Chemical dependency counselor: Students use drugs because college can be an awkward time

Students turn to drug use for a multitude of reasons, but medical officials often warn it can cause lifelong health implications.

Dana Jo Field, a chemical dependency counselor at Fairview-University Medical Center, said that some students turn to drugs because college can be a very awkward time.

Field has worked with people with various addictions – from gambling to drug use – for more than 14 years.

“Eighteen- and 19-year-olds striving for self-identity have the tendency to use tobacco products, beer, coffee and other drugs because we can, and the parents aren’t there,” she said.

People do drugs because drugs have the ability to change their consciousness, mood and thinking process, she said.

“The biggest issue in college is peer pressure and the freedom of being out of the house, starting to find who they are,” Field said.

She said she’s met with many University students who like using amphetamines because they help students study by keeping them alert.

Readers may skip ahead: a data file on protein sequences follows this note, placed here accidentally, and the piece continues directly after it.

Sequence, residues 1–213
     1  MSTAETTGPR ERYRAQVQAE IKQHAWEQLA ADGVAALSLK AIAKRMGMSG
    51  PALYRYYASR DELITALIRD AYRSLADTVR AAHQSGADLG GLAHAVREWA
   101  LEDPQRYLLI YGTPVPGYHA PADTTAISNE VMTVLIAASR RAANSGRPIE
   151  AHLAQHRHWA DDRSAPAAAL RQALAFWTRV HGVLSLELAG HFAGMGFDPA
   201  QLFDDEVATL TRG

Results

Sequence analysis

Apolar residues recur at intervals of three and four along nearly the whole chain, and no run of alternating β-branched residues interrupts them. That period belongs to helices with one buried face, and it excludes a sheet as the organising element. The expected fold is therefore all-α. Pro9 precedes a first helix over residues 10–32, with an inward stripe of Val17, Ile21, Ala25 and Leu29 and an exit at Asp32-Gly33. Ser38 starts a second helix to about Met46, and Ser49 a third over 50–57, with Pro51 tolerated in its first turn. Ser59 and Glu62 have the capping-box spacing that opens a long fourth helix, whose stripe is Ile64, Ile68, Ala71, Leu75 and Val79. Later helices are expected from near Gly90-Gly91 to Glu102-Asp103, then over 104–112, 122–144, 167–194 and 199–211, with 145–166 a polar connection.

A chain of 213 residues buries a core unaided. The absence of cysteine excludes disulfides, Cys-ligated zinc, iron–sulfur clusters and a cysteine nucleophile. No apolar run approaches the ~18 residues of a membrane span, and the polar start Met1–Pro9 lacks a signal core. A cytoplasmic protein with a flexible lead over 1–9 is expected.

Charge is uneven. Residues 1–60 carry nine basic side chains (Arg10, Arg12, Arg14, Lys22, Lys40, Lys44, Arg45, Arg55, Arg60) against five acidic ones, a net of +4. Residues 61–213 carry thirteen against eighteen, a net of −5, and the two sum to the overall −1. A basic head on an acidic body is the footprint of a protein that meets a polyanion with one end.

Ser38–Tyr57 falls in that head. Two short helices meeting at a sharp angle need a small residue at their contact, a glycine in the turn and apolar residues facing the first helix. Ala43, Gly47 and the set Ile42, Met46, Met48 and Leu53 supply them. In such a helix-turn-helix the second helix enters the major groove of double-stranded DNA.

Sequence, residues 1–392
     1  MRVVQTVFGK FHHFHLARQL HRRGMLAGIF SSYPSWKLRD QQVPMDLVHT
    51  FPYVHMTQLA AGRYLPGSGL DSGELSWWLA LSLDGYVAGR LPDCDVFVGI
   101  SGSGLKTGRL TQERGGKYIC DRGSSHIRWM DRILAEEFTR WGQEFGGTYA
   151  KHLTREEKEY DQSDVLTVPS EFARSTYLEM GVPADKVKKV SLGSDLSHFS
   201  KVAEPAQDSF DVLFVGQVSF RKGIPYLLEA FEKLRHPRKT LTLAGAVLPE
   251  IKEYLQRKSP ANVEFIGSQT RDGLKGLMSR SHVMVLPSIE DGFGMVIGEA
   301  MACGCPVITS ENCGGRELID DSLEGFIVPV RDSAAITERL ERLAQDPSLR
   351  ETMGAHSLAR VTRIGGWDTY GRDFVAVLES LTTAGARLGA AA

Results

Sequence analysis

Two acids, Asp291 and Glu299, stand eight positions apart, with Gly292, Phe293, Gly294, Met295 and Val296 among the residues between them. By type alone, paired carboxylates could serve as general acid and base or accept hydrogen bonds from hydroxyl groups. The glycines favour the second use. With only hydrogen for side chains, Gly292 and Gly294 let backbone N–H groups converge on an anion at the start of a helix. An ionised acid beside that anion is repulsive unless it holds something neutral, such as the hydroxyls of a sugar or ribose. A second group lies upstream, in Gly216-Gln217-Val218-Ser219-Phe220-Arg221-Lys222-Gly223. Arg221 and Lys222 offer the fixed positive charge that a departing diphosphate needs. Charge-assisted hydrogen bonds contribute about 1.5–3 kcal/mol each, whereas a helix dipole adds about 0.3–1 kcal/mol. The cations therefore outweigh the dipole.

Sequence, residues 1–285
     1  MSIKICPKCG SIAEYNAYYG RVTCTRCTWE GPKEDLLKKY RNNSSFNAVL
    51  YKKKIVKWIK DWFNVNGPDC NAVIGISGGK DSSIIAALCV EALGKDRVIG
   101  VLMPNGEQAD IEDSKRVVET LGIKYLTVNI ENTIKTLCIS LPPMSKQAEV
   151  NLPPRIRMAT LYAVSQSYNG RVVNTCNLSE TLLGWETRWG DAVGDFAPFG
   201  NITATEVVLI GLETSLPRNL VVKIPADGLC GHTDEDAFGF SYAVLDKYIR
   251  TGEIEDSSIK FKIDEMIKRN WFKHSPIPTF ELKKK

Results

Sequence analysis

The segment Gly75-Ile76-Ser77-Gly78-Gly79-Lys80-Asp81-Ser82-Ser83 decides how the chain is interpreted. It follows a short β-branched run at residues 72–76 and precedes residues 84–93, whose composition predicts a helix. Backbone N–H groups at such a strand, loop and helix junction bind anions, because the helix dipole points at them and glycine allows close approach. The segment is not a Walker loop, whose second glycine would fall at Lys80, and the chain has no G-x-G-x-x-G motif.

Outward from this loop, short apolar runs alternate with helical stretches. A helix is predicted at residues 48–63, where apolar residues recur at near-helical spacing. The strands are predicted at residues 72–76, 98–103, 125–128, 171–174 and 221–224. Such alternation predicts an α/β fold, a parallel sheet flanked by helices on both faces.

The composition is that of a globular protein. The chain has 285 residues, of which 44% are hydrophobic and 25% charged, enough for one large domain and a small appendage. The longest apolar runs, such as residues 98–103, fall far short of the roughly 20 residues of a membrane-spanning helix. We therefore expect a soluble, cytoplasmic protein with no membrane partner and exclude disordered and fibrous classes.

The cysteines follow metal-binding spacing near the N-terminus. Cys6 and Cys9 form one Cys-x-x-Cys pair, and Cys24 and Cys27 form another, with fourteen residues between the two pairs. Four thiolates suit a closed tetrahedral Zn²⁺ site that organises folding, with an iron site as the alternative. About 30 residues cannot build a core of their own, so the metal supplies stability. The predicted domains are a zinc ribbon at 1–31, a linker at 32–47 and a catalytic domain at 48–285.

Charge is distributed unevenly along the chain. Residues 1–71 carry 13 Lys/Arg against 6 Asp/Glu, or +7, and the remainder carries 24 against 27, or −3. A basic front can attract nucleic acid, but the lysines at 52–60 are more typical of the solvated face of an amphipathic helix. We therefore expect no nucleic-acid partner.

“But then they crash – sleep for days in a row,” she said. “I think it impacts their relationships because they’re so wired it overloads the central nervous system.”

But Field said well-adjusted people don’t need to depend on substances to make them feel better.

“It ends up being kind of a way to scapegoat life,” she said.

Field said that some people can be more prone to addiction because of genetics.

For those who want to stop using drugs, Field recommends users join therapy sessions and a 12-step support group.

“Although addiction is primary, it’s secondary to adjustment issues,” she said. “When people need to medicate themselves (with substances) they’ve got adjustment issues.”

Field said Fairview-University Medical Center offers many types of addiction programs, such as ones for gambling, eating disorders and mental health treatment.

Boynton Heath Service tracks student drug use in surveys.

But one won’t find a long list of questions regarding illegal drug use in them, because students do not form a huge drug culture on campus, said David Golden, director of public health and marketing at Boynton Health Service.

Golden said some students use illegal drugs, but he doesn’t know whether it’s a significant problem.

Boynton is not attempting publicity campaigns to counter campus drug use, he said.

A student-based group at Boynton, called Student Network for Abuse Prevention educates students about alcohol, drug and tobacco use for residence halls and student groups.

If students are using drugs and want help, Boynton has a chemical counselor. Golden said the health service usually refers students to outside treatment centers.